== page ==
Oct. 20, 2014
On Nov. 4, Colorado, along with the rest of the country, will hold elections. Although much attention has been placed on the mid-term election of officials such as the governor, there is one measure that is possibly more relevant, Genetically Modified Organism labeling.
Proposition 105 in Colorado will ask voters to decide if any “prepackaged processed food or raw agriculture commodity that has been produced using genetic engineering” will require a label.
Research indicates that many young voters in the region are unfamiliar with why the measure has been put on the ballot this fall. Here are frequently asked questions about the Proposition 105, along with what students are saying about the practice here on campus.
What are GMOs?
According to the NON GMO Project, GMOs are plants or vegetables that have been genetically engineered with DNA from bacteria, viruses or other plants and animals. In most developed countries such as the United States and China, they are often regarded as unsafe, with studies indicating GMOs can contribute to health problems, environmental damage and a violation of consumers and farmers’ rights.
Why is it such a big deal?
Toward the end of summer, The Right To Know Colorado Campaign had garnered over 170,000 signatures in their belief that Colorado citizens should know what is in their food. Those signatures put the issue on the ballot for November. Since then, the movement has gained momentum.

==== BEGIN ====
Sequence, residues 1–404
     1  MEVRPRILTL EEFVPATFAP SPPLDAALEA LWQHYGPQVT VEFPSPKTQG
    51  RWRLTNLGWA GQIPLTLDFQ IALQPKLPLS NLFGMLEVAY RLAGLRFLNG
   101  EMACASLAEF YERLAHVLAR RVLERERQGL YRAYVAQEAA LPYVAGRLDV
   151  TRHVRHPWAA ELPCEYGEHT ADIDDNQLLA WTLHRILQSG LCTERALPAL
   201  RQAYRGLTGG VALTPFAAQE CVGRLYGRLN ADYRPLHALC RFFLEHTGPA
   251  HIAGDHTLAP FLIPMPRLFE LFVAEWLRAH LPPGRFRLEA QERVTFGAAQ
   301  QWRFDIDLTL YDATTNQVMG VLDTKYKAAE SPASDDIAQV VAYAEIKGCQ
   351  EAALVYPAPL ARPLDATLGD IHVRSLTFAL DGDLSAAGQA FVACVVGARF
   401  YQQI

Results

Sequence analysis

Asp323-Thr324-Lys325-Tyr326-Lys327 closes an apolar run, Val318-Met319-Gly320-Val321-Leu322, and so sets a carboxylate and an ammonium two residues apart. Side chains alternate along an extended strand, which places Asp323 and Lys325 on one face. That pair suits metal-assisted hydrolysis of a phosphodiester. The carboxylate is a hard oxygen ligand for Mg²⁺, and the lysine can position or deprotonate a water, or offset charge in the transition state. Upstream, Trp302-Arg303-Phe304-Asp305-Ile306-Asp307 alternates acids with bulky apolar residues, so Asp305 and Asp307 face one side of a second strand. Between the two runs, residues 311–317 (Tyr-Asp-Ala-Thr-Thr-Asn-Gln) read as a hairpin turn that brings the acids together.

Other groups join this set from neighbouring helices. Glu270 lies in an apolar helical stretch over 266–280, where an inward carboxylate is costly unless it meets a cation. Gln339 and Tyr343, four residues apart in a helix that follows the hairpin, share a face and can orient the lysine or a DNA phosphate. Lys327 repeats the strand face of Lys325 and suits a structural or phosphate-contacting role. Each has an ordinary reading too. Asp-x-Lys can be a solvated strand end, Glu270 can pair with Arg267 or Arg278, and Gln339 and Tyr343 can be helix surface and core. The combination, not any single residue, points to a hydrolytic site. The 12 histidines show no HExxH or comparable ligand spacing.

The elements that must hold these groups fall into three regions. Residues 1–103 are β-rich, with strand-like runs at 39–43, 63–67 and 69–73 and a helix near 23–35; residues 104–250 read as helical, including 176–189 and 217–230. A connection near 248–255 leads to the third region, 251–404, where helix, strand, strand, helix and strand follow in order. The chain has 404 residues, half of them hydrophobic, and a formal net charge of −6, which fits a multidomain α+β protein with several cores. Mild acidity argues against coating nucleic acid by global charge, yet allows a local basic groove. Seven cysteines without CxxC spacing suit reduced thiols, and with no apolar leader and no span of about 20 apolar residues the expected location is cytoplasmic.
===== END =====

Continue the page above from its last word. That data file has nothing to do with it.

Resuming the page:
But there are those who believe GMO labeling should be left alone such as the group NO on 105. According to their website, NO on 105 believes the ballot measure misinforms readers and cites that new costs of initializing the measure will hurt farmers and force Colorado taxpayers to pay more, including higher prices at groceries stores.
64 countries have passed similar laws on GMOs, enacting mandatory labeling. What are students saying about the initiative?
Minerva McCray is a sophomore theater major who believes GMO labeling would be useful here in Colorado.
“I think it’s important for people to be aware of what has been genetically modifi ed and put in their bodies,” McCray said. “I think GMOs are harmful because it doesn’t come from nature and we are modifying it and we don’t know what the effects could be like years from now.”
Transfer student Joshua Scruitsky is an undecided junior. He believes GMO labeling should take place as well.
“Everyone should have the right know what’s been modifi ed and what hasn’t,” Scruitsky said. “I work at Walmart and it might be true that they might raise the prices for the label but I can’t imagine it would be too much.”
“If it’s going to make people more aware of what they are eating then why not,” McCray added. “I’m very much an organic person; I personally like to eat very healthy and not have my food modifi ed.”
A survey conducted by USA Today said that most Coloradans favored the measure. Of 500 registered voters polled, 51.6 percent favored yes while 26.8 percent said no, and the remaining 18.6 percent remained undecided.
What will happen should Propositions 105 Pass in Colorado?
If the measure is approved by the majority of Colorado voters, the law would require all foods with GMOs to be labeled by Jan. 1, 2016.
Voting ends Nov. 4. Eligible voters can now register at any voting booth.